Officers trained to help those with mental health issues

Posted at 11:57 AM, May 31, 2018
and last updated 2018-05-31 13:57:40-04

“I’m not sure why but at that time I would roam around my parent’s house looking for something to overdose on; in other words, I was suicidal.”

Virginia “Ginny” Carnes said she started noticing signs of mental illness at a young age. It was also around that time she learned she had been molested.

“I’m sure that that had a great influence on that. But thirteen was when I started noticing symptoms," she said.

Carnes would spend the next twenty-one years of her life in Kansas, her mental health contributing to the anger she felt but couldn’t explain.

In 1979 at twenty-one years old, Carnes would start going out at night and harassing law enforcement in Kansas.

“Trying to get a ticket because I knew that would made my dad mad,” Carnes said.

Carnes says her father’s disbelief in mental illness caused pain during that time. She describes a conversation with her father following a court-ordered visit to the state hospital after leading police on a high speed chase.

“When they sent me home on a weekend leave my dad asked me, in a very serious, very angry voice, ‘Are you insane?’ and that, that cut me to the heart you know that really hurt; I knew I wasn’t insane but I knew I had a problem,” she said.

Through all of her visits to prison, the state hospital and clinics in the years following, Carnes’ father continued to deny the existence of mental illness.

She received forms of therapy, but was never prescribed the right treatment.

“My dad would say, ‘Well yeah, stop playing the games,’ and I said, ‘Dad, I’m not playing games.’"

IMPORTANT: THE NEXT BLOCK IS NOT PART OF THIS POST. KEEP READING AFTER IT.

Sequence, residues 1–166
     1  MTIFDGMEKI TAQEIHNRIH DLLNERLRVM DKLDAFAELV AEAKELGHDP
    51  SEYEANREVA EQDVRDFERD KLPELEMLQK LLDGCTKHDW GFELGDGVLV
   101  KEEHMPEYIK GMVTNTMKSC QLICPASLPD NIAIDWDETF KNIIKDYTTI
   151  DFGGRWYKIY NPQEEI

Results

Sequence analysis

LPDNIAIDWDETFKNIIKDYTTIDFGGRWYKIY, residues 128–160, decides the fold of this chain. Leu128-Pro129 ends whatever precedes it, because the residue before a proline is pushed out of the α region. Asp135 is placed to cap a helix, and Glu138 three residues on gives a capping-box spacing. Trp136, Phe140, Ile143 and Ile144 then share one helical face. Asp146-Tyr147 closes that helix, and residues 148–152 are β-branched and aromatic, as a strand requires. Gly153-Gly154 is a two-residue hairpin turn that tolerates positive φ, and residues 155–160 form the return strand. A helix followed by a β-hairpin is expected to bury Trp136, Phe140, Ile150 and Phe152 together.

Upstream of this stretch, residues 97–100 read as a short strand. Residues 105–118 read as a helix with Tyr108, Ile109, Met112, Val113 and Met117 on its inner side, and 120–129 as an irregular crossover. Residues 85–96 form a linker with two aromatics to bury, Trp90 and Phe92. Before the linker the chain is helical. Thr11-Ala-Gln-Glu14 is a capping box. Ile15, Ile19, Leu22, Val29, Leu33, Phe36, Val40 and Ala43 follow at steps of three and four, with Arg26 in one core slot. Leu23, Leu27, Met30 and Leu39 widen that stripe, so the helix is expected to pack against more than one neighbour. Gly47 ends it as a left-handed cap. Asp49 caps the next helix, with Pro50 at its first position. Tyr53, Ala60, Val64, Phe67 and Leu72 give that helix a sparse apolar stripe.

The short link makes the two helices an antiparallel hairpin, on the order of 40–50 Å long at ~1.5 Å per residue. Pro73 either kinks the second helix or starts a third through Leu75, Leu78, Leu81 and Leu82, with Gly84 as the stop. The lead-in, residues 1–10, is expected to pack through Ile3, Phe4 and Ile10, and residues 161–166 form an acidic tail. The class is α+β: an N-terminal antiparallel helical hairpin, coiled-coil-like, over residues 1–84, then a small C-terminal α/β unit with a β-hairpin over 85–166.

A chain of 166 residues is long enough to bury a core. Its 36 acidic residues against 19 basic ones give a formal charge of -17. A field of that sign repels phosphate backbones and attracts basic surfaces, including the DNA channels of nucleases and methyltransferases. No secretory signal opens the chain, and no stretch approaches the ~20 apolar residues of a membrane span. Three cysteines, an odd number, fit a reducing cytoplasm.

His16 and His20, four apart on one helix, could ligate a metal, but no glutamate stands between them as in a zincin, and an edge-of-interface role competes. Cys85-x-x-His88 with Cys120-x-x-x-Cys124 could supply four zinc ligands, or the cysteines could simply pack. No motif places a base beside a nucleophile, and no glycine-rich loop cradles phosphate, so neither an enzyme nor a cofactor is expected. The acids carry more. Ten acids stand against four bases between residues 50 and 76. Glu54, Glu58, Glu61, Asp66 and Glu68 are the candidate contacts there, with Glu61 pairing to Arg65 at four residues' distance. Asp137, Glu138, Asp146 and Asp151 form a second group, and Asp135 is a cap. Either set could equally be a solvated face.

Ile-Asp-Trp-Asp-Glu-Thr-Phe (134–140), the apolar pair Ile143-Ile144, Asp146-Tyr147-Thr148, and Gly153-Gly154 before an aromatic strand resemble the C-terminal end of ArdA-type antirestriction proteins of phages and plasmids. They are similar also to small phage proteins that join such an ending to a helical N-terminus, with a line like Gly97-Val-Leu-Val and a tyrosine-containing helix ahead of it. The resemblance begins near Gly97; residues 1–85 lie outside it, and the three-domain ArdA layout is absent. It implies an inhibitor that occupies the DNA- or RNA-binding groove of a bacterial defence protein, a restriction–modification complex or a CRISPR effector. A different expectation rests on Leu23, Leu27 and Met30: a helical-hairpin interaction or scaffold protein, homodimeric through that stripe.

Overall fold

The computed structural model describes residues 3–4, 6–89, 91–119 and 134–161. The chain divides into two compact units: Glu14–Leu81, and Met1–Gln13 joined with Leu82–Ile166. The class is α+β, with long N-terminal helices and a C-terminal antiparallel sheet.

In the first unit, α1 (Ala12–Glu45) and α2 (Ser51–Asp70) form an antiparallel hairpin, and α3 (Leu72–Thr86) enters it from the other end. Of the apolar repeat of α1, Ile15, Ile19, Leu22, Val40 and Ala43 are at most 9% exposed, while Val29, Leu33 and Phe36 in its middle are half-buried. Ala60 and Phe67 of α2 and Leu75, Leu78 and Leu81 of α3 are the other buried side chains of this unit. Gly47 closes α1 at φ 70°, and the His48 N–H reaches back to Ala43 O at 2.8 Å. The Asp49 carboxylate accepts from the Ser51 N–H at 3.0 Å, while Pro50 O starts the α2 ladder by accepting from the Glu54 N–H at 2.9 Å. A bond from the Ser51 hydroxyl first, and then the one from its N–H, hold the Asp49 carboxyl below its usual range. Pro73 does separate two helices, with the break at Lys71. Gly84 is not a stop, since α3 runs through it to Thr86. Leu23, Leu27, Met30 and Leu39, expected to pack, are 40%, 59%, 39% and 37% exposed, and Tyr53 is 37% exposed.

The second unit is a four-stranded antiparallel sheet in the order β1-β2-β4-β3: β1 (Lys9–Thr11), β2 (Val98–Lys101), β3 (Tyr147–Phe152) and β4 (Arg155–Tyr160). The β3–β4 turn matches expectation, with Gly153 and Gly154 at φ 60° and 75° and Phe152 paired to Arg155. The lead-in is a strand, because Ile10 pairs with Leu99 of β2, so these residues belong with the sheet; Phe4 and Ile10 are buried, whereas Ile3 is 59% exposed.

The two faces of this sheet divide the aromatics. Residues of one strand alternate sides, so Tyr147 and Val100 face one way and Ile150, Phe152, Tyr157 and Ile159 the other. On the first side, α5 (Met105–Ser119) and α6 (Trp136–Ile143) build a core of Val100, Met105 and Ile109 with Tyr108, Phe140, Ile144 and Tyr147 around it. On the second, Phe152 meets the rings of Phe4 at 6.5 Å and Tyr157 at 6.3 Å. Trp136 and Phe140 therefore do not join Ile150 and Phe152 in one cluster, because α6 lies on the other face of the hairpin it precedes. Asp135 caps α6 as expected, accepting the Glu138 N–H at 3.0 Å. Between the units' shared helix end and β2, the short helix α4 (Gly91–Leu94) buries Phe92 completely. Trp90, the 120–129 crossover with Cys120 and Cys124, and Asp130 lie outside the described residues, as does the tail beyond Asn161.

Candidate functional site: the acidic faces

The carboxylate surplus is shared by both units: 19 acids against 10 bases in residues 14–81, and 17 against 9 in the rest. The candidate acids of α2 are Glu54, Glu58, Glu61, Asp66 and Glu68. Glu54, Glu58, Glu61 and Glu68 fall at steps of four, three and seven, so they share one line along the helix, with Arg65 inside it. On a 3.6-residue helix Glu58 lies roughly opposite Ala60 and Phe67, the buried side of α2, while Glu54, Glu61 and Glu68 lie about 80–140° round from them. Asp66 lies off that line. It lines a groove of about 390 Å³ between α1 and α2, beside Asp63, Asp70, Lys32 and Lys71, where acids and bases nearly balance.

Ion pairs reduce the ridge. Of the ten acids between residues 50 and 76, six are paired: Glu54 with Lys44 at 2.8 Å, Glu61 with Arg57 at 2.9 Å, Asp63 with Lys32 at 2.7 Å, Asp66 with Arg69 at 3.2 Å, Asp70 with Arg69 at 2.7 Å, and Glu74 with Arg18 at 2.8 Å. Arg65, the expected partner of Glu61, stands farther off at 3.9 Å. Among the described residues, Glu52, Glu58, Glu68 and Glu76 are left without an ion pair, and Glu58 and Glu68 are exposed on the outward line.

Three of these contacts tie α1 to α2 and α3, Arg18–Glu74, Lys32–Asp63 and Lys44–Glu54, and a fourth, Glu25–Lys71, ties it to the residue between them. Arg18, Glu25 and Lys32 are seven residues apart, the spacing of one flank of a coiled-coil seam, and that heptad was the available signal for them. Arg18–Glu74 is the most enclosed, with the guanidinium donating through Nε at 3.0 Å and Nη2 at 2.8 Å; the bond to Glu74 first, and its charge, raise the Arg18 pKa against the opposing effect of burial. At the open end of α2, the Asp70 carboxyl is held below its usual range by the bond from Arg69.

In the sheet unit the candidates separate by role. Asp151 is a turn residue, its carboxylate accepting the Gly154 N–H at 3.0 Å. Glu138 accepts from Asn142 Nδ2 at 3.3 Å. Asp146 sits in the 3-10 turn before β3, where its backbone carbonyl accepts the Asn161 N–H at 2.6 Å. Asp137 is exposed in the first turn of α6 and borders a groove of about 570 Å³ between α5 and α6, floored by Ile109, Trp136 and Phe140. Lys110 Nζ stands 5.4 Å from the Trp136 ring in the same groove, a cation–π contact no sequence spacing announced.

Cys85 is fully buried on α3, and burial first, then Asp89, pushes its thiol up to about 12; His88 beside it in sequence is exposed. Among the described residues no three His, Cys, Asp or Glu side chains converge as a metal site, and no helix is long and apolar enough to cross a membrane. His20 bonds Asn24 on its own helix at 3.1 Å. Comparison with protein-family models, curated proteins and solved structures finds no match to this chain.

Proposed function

Carnes’ move to Montana would come in 1992 following a conversation with a job coach after an overdose landed her in a clinic.

"(The) job coach asked me where I wanted to be in five years and I said you know I’d rather be in Montana working on a ranch."

Carnes eventually decided to move to the Treasure State for her health.

“Looked around, fell in love with Great Falls – hated Billings (laughs), and I knew that when I drove into Great Falls that I was home,” she said.

While she considered herself better off, the crimes continued against local law enforcement, eventually leading to a felony charge.

“When I moved here in 1998, she was part of our process in the field officer training program, because this had been going on for some time. We all knew her vehicle, we all knew her, and we all knew where she lived,” said Capt. John Schaffer with the Great Falls Police Department Investigative Bureau.

After spending 94 days in jail, Carnes was placed on a three year probation with time served in 1998.

She would find herself back behind bars after driving through an active police scene.

After her last jail visit in 1998, Carnes saw a new psychiatrist who ultimately found her the right medication.

“I told my probation officer, I said this is a miracle drug, I have no inappropriate anger in me, I mean I get angry at things yes but it wasn’t 24/7,” she said.

Carnes says if it weren’t for her medication, she would still be struggling with the anger she felt for so long.

“I would be in prison or I would be dead. I had an awful lot of officers draw guns on me and chances that one day somebody would have pulled the trigger or I would have gone to prison for stalking were very strong,” she said.

One of those officers prepared in the event of a crisis was GFPD Captain David Bowen. He described his first encounter with Ginny in an alley at night: